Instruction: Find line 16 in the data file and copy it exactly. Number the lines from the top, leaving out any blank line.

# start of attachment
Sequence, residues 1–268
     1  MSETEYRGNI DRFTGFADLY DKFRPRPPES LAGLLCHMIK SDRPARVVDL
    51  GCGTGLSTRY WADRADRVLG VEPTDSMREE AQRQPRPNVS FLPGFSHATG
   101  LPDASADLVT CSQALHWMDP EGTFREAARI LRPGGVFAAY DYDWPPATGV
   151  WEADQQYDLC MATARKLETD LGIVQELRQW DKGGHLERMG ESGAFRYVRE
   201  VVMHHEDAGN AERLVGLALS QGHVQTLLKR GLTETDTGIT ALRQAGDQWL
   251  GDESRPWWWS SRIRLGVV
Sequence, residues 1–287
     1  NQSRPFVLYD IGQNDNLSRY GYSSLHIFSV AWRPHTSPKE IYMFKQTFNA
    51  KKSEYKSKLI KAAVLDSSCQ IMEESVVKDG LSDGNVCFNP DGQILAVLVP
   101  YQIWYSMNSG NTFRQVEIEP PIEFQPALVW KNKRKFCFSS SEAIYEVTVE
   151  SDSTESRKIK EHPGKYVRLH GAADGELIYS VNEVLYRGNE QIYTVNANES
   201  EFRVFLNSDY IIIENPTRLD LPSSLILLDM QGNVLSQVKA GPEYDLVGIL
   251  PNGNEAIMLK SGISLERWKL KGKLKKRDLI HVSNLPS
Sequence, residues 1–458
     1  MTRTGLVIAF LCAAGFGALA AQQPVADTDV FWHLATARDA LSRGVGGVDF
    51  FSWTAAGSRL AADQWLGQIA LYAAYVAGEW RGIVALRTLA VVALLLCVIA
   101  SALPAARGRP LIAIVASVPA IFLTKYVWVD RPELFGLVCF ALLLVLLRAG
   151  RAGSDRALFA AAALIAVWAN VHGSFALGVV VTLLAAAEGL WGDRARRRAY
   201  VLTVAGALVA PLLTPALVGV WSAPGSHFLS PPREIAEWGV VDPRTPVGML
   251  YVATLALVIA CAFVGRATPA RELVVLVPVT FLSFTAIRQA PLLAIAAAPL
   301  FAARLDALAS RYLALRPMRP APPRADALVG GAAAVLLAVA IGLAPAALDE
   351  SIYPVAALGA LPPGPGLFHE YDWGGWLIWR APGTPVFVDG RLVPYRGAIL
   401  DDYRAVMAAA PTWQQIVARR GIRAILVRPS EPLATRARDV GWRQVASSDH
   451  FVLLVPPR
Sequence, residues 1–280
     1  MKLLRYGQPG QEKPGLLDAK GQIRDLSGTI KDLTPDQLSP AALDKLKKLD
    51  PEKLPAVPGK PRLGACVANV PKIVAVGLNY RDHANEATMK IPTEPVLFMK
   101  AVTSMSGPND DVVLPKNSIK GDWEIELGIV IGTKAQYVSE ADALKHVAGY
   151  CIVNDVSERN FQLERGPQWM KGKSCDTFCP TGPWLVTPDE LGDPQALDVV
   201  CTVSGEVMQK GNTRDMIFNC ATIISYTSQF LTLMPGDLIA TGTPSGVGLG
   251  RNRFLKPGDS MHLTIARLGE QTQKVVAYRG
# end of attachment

     1  MTRTGLVIAF LCAAGFGALA AQQPVADTDV FWHLATARDA LSRGVGGVDF